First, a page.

When in Rome, of course, you behave like a Roman. And when in Montreal at the Desautels Faculty of Management for a case competition, you apply the integrated management approach.
The McGill University business school in Montreal, Canada will hold its inaugural case competition March 26 to 28. Six schools, three from the U.S. and three from Canada, will battle it out over a live case – a situation affecting the competition’s keynote sponsor, a local pharmaceutical company that organizers are not yet naming.
“It’s very much a real, live, and relevant situation,” says McGill Desautels Integrated Management Competition co-chair, Desautels MBA candidate Liam Sobey. “It is something that is very real, and something that hopefully will have some impact on the firm itself.”
The schools competing in the invitation-only event are the Yale University School of Management; Dartmouth College Tuck School of Business; USC Marshall School of Business; York University Schulich School of Business; McMaster University DeGroote School of Business; and Desautels.
ONE PROBLEM, MANY LENSES
At Desautels, the curriculum is founded on “integrated management,” an approach that requires students to examine business challenges from multiple perspectives, such as from the viewpoints of operations, strategy, finance, supply chain, and HR.
“You look at different business problems and business issues through a number of different lenses. The ultimate goal is that we’re not making decisions in silos. In real life, very rarely do you sit around a table and there’s only people from one department.
“We wanted to ensure that our case competition reflected that methodology,” Sobey says. “One of the main components on which (team’s proposals will) be reviewed is how integrative they are in nature.”
Teams will receive some advance information on the keynote sponsor company, concerning such aspects as strategy and current challenges, which they can use to plan their proposals. An introductory seminar, led by the head of Desautels’ integrated management institute, Steve Maguire, will provide an overview of the integrated management methodology.
EVEN THE LOSERS WILL WIN
The pharmaceutical company’s CFO will deliver the case, taking about 15 minutes, and students and school representatives will have about 45 minutes to ask questions. Then they’ll have 25 hours to come up with their solutions. The eight judges, including representatives from sponsors Deloitte and Scotiabank, plus the CEO, CFO and head of business development from the pharmaceutical company, will provide feedback to all six teams.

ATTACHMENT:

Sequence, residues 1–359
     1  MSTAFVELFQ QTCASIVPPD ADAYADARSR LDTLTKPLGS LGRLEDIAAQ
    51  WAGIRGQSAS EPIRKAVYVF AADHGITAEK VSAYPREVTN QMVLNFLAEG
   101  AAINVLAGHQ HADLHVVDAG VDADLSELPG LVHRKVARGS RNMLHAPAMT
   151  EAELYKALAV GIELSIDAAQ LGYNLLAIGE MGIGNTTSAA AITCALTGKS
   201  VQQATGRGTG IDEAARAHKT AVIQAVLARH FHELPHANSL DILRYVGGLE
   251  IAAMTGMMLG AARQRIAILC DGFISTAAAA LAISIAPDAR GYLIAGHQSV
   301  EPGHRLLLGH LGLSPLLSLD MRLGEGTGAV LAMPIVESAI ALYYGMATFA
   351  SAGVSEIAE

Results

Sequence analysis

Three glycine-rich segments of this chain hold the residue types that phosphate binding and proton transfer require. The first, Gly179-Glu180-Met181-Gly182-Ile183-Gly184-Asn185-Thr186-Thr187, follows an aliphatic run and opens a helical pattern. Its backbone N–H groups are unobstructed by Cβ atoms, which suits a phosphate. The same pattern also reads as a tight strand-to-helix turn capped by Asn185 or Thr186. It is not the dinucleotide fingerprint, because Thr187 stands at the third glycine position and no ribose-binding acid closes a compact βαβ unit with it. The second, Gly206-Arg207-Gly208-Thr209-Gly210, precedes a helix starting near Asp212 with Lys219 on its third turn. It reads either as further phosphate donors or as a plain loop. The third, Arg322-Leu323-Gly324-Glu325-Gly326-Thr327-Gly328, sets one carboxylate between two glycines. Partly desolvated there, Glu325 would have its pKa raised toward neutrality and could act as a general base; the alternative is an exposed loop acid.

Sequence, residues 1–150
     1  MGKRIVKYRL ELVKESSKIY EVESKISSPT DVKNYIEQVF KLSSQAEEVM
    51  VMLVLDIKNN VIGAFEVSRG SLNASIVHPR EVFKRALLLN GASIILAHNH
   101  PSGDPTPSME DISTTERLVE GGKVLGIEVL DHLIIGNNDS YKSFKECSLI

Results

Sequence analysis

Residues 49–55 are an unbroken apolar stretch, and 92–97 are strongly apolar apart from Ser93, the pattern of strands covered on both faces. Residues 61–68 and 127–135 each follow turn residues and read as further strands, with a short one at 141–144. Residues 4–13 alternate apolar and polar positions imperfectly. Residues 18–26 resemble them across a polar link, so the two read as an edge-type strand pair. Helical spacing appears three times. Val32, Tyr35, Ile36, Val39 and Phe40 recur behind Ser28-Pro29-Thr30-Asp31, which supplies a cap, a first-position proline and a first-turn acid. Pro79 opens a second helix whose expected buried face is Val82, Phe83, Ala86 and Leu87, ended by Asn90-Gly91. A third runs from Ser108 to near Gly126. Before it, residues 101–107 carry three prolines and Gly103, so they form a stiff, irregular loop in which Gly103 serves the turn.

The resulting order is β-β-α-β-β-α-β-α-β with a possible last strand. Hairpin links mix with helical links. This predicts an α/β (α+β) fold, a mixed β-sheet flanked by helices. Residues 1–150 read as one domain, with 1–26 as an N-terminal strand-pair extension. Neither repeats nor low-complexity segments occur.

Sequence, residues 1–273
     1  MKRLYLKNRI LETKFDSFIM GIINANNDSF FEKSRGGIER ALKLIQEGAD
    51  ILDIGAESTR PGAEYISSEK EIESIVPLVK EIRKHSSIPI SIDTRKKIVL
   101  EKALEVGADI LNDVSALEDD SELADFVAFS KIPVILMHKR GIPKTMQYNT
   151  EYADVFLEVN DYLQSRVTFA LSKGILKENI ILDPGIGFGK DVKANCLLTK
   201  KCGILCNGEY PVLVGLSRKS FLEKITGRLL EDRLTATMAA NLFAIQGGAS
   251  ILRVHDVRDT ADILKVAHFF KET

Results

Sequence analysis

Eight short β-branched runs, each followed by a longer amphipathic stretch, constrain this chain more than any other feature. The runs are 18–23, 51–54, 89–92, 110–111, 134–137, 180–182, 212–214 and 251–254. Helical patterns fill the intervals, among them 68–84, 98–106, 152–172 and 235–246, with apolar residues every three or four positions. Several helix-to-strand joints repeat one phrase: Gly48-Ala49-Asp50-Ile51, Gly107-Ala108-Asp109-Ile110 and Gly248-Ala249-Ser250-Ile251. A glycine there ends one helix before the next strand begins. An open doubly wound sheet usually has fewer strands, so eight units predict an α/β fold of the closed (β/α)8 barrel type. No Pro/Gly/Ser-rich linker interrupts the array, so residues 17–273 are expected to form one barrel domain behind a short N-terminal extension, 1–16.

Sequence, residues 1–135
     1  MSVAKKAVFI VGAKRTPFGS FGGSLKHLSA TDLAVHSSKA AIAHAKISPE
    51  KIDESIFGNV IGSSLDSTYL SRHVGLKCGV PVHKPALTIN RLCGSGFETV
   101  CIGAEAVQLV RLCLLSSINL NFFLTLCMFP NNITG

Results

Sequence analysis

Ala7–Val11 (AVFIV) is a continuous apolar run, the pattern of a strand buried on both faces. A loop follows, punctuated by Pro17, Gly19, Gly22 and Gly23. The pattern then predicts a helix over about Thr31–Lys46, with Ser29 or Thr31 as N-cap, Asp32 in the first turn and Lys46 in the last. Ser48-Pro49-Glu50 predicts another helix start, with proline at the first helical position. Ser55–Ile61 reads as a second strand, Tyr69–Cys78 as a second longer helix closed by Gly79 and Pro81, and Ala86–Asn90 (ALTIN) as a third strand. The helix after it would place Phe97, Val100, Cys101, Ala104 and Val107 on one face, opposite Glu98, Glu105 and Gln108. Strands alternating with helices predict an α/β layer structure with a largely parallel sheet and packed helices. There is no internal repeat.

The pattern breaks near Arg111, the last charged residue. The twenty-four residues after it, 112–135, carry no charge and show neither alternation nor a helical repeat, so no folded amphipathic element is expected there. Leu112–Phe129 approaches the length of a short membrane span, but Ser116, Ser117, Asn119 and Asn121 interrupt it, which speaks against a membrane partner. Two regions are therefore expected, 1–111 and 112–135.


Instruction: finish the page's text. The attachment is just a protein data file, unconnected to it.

“That’s not always something that’s provided in case competitions,” Sobey says. “Five of the six teams won’t win, and we wanted to make sure they had some feedback on how they did.”
The winner will take the $5,000 (Canadian) cash prize.
Selection of sponsors, says Sobey, also reflects the integrated management approach, with the companies representing various sectors. Sponsors include Scotiabank and Capital One, mass media company Bell Media, and Grant Thornton.
The competition will provide an opportunity for networking, among students, and between students and sponsors. “We wanted to ensure that we’re able to create and sustain relationships,” Sobey says. “It’s a great opportunity – for an intense three days you’re with these great minds. There’s a component of recruitment involved, for sure.”
The Desautels case competition is intended to be an annual event, with a different theme each year.
HIGH-PROFILE U.S. CASE COMPETITIONS
In holding a case competition, Desautels joins high-profile U.S. schools. Northwestern University holds the Kellogg Biotech & Healthcare Case Competition, this year won by a team of University of Chicago Booth School MBA students.
Wharton holds the Wharton MBA Buyout Case Competition, focused on a proposed private equity buyout transaction, and won this year and last by teams from the Kellogg School of Management.